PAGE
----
Every time an author starts a new chapter or even a scene in a work of fiction, she or he is almost starting from scratch. Every scene has to be established. Where and when is it taking place? What is the time of day and what relation does this scene have to the one that preceded it. Even if the entire book takes place in one room, work has to be done to show the changes in that room as the light shifts or the furniture gets moved or the occupants change. The writer has to do the work that film cameras do in movies by showing the setting.
Judging from some of our clients, this is something that often gets neglected. Racing to tell the story, writers frequently neglect to explain in what context it is taking place. Thus, the action seems to be floating in space, not a good look for a novel.
To illustrate, we randomly pulled Zadie Smith’s ON BEAUTY off the bookshelf. This turns out to be a brilliant choice because Smith hops around from point of view to point of view and place to place. Here is how she begins some of her scenes:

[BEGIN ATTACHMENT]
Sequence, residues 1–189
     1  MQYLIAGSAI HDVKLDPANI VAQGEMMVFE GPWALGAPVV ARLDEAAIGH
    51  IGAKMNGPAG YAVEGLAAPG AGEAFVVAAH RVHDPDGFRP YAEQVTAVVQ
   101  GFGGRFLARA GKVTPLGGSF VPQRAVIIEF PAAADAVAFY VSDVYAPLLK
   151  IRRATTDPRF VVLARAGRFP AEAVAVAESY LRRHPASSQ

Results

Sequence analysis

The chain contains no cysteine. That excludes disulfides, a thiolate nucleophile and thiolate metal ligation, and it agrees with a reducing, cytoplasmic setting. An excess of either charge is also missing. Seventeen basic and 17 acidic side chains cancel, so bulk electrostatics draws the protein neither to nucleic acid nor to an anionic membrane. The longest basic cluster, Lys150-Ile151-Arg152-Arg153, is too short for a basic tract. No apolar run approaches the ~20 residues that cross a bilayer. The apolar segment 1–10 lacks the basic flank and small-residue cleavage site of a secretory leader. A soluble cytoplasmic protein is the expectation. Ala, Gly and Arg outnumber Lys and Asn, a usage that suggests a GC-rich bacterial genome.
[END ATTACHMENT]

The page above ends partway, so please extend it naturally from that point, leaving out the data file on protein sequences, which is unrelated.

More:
“The Bus Stop was a Wellington institution. For twenty years, it had been a cheap and popular Moroccan restaurant…”
“Only a mile down the hill, in leafy Queen’s Park, the numb practicalities that follow a death were being attended to…”
“A mega store demands a mega building…”
“’I need a homey, warm, chunky, fruit-based, wintery kind of a pie,’ explained Kiki leaning over the counter…”
“On Tuesday night, a water main burst at the corner of Kennedy and Rosebrook…”
In each of these examples, Smith establishes the setting in the first few words. The reader does not have to wonder where the scene is taking place. The technique not only eliminates doubt but draws the reader in to the richly described pie shop, funeral or humongous store. Far from floating in space the reader is there.
Setting the scene, to writers caught up in telling a story, may seem like tedious work, but it is necessary. The book won’t work without it.